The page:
On Sunday, I braved the continuing downpour for a rarely open window that was closing at the end of the day, the once a decade exposition of a hundred drawings and watercolors stretching back three centuries from the museum's collection, works intermittently displayed because of their sensitivity to light. (In Paris's Orsay museum, they solve this problem by dimming the lights around Toulouse-Lautrec's pastels or by light timers, so the work is seen more regularly but revealed less brilliantly.) I'd known about the Georgia O'Keeffe watercolors, "Light Coming on the Plains, No. 1," as well as No. 2 and No. 3, capturing the sunrise over the Texas plains (O'Keeffe stayed up all night to catch it at the right moment), as well as Stuart Davis's "Gas," which, typically for Davis, employs concrete symbols and signs in his abstract art to anchor it for a wider public. But the stunner in the exhibition "The Allure of Paper: Watercolors and Drawings from the Collection," which closed Sunday, was Thomas Ayres's 1855 charcoal and graphite "'The Golden Gate': Sunrise from Off Point Lobos." Because of the technique Ayres used for texturing his surface -- marble-dusting the paper to give it an uncanny brilliance -- the canvas looks almost photographic. The turbulence and vivid luminosity of the waves are particularly striking. It's a view of the Golden Gate before it was tamed by its Bridge; no wonder this arc came to be referred to as the eighth wonder of the world. (You can see it here.)

Georgia O'Keeffe (1887-1986). "Light Coming on the Plains No. I, 1917." Watercolor on
newsprint paper. ©Amon Carter Museum of American Art. Amon Carter Museum of American
Art, Fort Worth, Texas.

The other astounding find of this exhibition was the work of James Daugherty, as displayed in "Cabaret (Cafe Chantant)," a transparent and opaque watercolor and graphite design on wove paper, and in a copy of his "Broadway Nights," a full front page illustration for the supplement of the New York Herald published January 31, 1915, a series of tableaux illustrating the New York night-life of the epoch which anticipates both the fashions of the imminent Jazz Age and the work of Jazz Age chronicler John Held Jr.. More immediately, or so said the wall text, in its vivid use of colors as well as somewhat abstracted forms, Daugherty's 'Cabaret,' made in 1914, was both a reaction to and comment on the landmark 1913 Armory show, which introduced the work of Matisse, Picasso, Van Gogh and other Europeans to American audiences.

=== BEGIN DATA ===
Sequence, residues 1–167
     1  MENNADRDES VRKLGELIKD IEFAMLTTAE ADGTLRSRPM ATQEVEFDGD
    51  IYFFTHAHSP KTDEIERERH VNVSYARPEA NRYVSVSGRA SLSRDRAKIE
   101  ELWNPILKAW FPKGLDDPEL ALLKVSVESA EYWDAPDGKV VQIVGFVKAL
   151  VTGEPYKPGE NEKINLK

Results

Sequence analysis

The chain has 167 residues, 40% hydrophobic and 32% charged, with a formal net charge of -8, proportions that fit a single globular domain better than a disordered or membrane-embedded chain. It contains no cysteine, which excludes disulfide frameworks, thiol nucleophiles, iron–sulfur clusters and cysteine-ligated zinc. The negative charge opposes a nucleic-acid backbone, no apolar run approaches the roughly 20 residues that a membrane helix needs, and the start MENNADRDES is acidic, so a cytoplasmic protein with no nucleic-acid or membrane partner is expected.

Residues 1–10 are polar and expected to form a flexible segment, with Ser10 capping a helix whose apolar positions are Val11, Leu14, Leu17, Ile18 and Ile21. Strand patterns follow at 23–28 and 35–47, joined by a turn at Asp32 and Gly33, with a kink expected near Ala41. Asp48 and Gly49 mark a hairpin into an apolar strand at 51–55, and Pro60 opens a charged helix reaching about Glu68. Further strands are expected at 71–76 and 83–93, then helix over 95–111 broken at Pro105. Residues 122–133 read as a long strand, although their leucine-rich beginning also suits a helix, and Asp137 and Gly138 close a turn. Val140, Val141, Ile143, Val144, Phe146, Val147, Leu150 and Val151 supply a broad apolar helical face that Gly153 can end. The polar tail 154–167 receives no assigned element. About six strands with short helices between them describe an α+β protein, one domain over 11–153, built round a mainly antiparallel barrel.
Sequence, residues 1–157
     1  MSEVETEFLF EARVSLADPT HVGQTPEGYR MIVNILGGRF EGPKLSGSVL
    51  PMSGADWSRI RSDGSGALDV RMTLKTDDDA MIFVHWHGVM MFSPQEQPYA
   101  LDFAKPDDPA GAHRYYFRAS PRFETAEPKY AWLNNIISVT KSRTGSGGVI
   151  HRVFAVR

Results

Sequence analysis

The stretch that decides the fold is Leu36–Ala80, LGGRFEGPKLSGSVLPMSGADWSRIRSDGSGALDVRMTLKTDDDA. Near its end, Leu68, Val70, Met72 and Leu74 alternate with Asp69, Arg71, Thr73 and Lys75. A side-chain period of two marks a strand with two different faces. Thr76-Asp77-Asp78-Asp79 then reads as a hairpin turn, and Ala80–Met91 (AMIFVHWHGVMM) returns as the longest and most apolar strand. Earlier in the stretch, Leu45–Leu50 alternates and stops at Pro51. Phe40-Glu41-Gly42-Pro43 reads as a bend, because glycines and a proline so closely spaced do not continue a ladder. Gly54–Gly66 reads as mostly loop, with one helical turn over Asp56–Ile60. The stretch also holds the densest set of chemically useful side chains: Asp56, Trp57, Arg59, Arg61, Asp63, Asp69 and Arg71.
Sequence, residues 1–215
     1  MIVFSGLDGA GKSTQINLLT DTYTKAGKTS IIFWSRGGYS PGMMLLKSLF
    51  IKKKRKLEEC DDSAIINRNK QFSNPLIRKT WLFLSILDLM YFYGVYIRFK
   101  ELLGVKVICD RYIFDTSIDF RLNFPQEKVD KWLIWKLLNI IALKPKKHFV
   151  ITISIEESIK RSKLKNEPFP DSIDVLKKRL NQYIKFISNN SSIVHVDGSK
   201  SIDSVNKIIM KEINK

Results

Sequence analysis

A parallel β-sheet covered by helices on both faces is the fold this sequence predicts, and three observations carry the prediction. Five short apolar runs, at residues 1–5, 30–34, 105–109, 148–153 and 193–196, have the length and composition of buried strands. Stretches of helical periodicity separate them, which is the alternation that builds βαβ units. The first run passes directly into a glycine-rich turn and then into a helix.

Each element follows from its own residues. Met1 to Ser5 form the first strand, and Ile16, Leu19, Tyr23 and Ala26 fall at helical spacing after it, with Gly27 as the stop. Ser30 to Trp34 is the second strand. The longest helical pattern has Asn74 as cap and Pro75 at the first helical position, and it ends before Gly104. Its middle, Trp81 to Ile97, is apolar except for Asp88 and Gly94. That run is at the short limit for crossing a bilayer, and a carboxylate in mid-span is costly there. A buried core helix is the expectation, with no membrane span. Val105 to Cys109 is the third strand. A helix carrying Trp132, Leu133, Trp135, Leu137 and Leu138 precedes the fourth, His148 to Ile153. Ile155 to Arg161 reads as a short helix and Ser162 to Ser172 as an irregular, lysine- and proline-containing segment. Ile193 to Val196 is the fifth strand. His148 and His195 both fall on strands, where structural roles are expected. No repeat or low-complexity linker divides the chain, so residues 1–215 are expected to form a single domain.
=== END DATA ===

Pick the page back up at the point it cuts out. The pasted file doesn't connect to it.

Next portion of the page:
Given that these works are so rarely displayed, the marvel of the Amon Carter Museum exhibition was that it in a way re-introduced them, discoveries ready to be made 100, 150, or even more than 200 years after the fact, with a healthy representation of early landscape work by artist-adventurers who roved and captured for the first time North America and particularly the West in the late 18th and early 19th century. I hadn't had enough of this true West, the West of my heritage, after finishing the exhibition, so before taking my leave I revisited some of the museum's -- and Amon Carter's -- generous collection of the works of Frederic Remington and Charles M Russell, who vividly brought the West to the rest of the world in their commissioned newspaper and magazine illustrations in the late 19th and early 20th century. (About 100 watercolors of Russell will be on view in the Amon Carter's upcoming show "From Romance Maker: The Watercolors of Charles M. Russell," running February 11 through May 13, 2012. Click here for more information.)

At the flea market up the street from the Amon Carter, in Cow Barn No. 1 of the Will Rogers Convention Center, a man playing old-timey Bob Wills-style fiddle and song Western music on a tinny cassette machine was selling an illuminated covered wagon tchotchkie with the slogan, "Where the West begins." As I left and walked away from the museum and flea market towards the botanical gardens, real horses whinnied from a stock show in the Rogers's other barns, a confluence of living and preserved history that you'd never find at the Met Museum or the Louvre. Sitting down to rest my joints and replenish my energy with thermos coffee in the middle of the gardens on a stone bench decorated with the silhouette of a cowboy bowing down before a grave, his horse waiting patiently behind him, I thought of how content I was to be in the land where the West still lives.

Charles M. Russell (1864-1926). "Bronc to Breakfast," 1908. Watercolor on paper. Montana Historical Society, Mackay Collection X1952.01.06.